Friday, September 5, 2008

No more donations

I've made my last blood donation. I waited more than a year and a half after the last one, when I nearly passed out, but yesterday, they were having another blood drive at work, and I thought I'd give it a try. I got through most of it, then almost passed out again. Nope, I'm not going to give any more.

This makes me a little sad. The first time I donated blood was in 1991, when I was 20 years old. My grandfather (my mom's father) died in September of that year, and I donated at a blood drive at Community College of Rhode Island (that would be "See See Ah Rye" in Rhode Islandese) about a month after his death. When I was done, I remember feeling really good, the best I'd felt since Grandpa died. For a long time after, I associated blood donations with a measure of contentment, a happy inner peace.

At least once, here in Topeka, I wasn't allowed to donate because my blood pressure was too low. While I was at Smith, I donated once or twice, and I remember one of the workers walking by me and wondering what was taking so long. She looked at my paperwork and said, "Oh, no wonder, your blood pressure is 80." (It was actually 88/60, but yeah, probably too low, they shouldn't have let me donate.) I can't say for sure if that was the same donation that resulted in "the bruise," but it probably was. That would have been during the 1993-1994 school year. I had a bruise on my arm for over two weeks! I got worried after a while when I felt a bump under there, called Health Services, and they said it was probably nothing to worry about - if I recall correctly, it was basically a kind of scab under my skin. (Oh, okay, that sounds great!) A few days after my donation, this picture was taken:

The flash was bright, but even so, you can see the gray area on the bend in my arm. Before it finally went away, that thing turned all kinds of colors. But still, it didn't prevent me from continuing to donate blood, when there was a blood drive I could fit into my schedule.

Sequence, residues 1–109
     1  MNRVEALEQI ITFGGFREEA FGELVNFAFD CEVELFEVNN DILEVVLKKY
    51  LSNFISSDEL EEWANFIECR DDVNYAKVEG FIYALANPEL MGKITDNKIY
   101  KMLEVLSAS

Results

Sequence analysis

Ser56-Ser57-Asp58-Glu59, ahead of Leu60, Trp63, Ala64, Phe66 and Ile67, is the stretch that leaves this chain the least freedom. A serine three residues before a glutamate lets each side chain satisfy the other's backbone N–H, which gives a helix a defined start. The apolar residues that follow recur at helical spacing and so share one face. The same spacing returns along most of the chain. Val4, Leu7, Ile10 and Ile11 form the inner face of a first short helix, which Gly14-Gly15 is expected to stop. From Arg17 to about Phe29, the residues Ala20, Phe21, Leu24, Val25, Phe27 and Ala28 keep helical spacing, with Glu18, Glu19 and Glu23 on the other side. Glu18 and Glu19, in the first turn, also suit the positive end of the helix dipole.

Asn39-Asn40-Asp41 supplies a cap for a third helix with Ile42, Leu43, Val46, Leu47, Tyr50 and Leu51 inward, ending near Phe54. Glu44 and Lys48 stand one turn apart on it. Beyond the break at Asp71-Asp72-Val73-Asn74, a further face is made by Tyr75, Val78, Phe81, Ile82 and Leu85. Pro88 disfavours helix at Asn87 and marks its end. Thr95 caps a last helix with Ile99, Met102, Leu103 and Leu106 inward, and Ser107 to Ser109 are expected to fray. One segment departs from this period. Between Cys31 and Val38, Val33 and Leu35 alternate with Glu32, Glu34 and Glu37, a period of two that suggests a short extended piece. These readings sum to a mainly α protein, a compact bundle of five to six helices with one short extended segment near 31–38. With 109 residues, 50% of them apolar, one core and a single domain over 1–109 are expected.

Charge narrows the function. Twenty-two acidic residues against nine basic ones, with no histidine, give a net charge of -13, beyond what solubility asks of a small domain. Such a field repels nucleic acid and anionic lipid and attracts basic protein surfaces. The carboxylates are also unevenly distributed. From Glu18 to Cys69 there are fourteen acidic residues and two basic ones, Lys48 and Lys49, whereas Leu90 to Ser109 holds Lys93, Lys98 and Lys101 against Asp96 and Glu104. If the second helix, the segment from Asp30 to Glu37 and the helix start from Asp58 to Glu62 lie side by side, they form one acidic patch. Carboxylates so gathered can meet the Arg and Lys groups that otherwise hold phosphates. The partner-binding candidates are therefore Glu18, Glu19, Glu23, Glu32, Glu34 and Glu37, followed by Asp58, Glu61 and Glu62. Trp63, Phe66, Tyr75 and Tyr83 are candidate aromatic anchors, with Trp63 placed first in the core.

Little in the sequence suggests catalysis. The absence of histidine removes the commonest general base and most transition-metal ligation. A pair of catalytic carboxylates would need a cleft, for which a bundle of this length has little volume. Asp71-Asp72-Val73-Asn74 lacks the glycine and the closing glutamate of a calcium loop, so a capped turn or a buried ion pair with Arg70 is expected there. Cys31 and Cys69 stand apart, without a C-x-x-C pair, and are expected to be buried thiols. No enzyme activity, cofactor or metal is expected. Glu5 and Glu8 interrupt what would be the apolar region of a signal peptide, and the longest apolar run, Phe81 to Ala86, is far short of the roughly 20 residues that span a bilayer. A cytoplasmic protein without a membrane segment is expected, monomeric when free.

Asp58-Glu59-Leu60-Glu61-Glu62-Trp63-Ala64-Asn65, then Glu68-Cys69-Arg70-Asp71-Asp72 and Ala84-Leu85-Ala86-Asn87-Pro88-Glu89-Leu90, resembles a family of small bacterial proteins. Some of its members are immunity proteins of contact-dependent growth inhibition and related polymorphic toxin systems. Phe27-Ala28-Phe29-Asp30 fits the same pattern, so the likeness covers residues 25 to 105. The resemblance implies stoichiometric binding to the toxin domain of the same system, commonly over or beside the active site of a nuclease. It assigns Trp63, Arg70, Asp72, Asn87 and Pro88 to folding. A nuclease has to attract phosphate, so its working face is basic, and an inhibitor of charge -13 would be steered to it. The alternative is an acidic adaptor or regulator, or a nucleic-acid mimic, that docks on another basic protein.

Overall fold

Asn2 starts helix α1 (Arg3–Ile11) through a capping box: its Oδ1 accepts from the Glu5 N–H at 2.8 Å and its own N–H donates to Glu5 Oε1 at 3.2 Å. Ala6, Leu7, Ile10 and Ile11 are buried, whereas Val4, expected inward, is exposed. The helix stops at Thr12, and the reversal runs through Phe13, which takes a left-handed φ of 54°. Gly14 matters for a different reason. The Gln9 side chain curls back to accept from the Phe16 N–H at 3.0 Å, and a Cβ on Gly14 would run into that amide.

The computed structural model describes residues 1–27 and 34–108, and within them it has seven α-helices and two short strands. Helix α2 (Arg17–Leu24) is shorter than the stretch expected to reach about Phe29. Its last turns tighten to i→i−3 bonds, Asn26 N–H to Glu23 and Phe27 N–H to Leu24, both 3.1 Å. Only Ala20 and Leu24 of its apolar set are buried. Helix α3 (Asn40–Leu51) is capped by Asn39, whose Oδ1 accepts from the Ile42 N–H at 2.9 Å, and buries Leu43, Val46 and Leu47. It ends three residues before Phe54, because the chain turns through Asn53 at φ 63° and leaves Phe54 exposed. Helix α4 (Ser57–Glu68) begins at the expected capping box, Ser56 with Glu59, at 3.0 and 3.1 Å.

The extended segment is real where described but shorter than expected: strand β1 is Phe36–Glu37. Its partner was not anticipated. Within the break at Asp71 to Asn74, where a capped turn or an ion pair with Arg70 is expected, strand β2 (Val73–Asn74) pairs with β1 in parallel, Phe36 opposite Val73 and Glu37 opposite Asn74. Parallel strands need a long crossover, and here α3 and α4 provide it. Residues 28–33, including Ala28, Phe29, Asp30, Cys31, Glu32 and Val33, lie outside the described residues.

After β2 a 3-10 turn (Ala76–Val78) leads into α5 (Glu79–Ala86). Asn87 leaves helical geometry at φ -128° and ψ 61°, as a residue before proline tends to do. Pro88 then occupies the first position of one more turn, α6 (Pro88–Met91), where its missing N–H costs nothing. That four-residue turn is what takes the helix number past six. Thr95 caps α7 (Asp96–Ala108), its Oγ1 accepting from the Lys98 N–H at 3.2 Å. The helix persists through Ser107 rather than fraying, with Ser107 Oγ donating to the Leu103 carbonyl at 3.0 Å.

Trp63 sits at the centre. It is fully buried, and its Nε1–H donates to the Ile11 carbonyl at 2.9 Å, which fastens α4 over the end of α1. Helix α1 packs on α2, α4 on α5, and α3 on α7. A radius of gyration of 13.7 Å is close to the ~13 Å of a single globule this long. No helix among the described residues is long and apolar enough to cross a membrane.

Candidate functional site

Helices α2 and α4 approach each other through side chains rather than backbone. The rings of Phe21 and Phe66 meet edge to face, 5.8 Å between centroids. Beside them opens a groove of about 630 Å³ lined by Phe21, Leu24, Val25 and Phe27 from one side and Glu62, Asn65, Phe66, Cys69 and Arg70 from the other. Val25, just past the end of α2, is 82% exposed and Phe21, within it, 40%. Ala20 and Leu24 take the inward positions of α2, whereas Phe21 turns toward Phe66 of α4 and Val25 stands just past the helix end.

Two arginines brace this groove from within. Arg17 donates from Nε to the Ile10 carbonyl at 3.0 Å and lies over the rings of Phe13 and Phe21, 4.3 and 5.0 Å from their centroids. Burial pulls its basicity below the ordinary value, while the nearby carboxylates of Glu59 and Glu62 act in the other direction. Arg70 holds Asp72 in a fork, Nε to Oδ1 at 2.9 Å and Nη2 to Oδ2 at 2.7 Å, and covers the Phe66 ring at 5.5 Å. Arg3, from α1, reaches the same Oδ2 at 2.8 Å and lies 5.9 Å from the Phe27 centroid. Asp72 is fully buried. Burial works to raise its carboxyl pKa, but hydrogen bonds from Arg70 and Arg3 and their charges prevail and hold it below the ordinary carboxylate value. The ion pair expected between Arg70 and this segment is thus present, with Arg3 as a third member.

But in early December 2006, the last time I tried to donate before yesterday, I had a bad reaction for the first time. The woman had told me to squeeze my hand every three to five seconds, which I later guessed was probably faster than was good for me - because I had never had a bad time before, only a bruise, so if that's not the reason, I don't know what it was. After that, I was sort of afraid to donate again, which is why I waited so long - until yesterday.

It's weird how fast it happens: I'm lying there, my breath and my chest start to feel just a little different, and then I'm suddenly warm all over and everything looks surreal, and when I try to close my eyes, the blood drive workers say, "Open your eyes, keep your eyes open!" and yesterday I could feel drops of sweat falling down each side of my neck. Then they tilt me back, and put one ice pack on the front of my neck, and one under the back of my neck. They give me apple juice, and ask about every thirty seconds, "How are you doing?" and then, "Are you doing okay?" And the thing is, you can't be sure how you are, it just feels too unreal. They had an Abbott and Costello DVD on, up on a big screen, and it was the disc menu, and I just kept looking straight ahead at it - "Don't close your eyes, keep them open!" - and thinking to myself "Play All, Episode 1, Episode 2, Bonus Features," and again, "Play All, Episode 1, Episode 2," and I nearly said it out loud, "Play All, Episode 1..." By the time you really are "okay," you don't have to think about the question when they ask you. If they ask and you aren't sure, request some juice, and just keep breathing. And whatever you do, don't close your eyes!